ORIGINAL ARTICLE
Effect of double-stranded RNAs on virulence and deoxynivalenol production of Fusarium graminearum isolates
 
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1
Department of Plant Pathology, Faculty of Agriculture, Tarbiat Modares University, PO Box 14115-336, Tehran, Iran
2
Department Biotechnology, Faculty of New Technologies and Energy Engineering, Shahid Beheshti University, G.C., Tehran, Iran
CORRESPONDING AUTHOR
Safaie Naser
Department of Plant Pathology, Faculty of Agriculture, Tarbiat Modares University, PO Box 14115-336, Tehran, Iran
 
Journal of Plant Protection Research 2011;51(1):29–37
KEYWORDS
TOPICS
ABSTRACT
Various viral genomes from plant pathogenic fungi have been reported. The most common of these genomes found are dsRNA which in some fungi are associated with hypovirulence and have been used or proposed as biological control agents. In this study 33 Iranian isolates of Fusarium graminearum , were examined for dsRNA infection. In 12 of these isolates, more than three viral fragments measuring 0.9, 1.2, 3, 3.2 and 5 kb were detected. The presence and nature of dsRNA was confirmed by RNaseA and DNaseI treatments. To obtain dsRNA-free isolates, hyphal tip cultures of six isolates were transferred to PDA containing different concentrations of cycloheximide. Three hyphal tip cultures were confirmed to be dsRNA-free. Mycelial growth in dsRNA-containing isolates was less than that of their counterpart cured isolates with no dsRNA. Meanwhile, no significant difference was observed for colony morphology, pigmentation and conidia production of viruliferous and cured isolates. However, the disease severity of the dsRNA- containing isolates was significantly (p < 0.01) less than that of the dsRNA-free isolates on susceptible wheat in greenhouse. Deoxyni- valenol (DON) production by dsRNA-free and dsRNA-containing isolates was confirmed using HPLC analysis. The range of DON production levels for dsRNA-free and dsRNA-containing isolates varied from 0.07 to 1.6 ppm and 0.06–0.4 ppm, respectively. A very significantly reduced level of DON, up to 50%, was detected in dsRNA-containing derivatives compared to the dsRNA-free isolates.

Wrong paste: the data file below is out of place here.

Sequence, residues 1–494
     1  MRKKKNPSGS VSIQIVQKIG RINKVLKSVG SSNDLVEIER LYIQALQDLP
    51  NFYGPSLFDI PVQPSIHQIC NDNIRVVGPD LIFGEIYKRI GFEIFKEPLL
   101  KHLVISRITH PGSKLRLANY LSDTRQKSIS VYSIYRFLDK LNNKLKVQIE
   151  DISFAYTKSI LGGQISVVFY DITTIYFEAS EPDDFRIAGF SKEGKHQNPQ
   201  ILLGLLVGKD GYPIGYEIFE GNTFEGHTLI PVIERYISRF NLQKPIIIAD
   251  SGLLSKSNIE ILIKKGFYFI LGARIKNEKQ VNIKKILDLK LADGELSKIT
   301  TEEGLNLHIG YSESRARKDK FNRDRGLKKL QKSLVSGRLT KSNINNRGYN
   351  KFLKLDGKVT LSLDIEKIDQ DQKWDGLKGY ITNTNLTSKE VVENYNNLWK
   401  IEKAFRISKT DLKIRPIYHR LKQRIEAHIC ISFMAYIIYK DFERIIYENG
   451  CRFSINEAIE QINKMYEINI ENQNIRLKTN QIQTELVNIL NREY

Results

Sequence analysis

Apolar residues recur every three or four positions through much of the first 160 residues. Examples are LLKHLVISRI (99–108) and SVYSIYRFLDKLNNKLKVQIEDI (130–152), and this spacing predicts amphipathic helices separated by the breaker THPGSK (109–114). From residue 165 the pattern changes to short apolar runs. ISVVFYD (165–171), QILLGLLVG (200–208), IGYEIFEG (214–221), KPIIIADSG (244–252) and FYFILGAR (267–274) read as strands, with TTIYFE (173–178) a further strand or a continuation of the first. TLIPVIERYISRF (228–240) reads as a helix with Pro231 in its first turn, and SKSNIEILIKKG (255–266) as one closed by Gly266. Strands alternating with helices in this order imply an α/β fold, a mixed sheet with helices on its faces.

CONFLICT OF INTEREST
The authors have declared that no conflict of interests exist.
 
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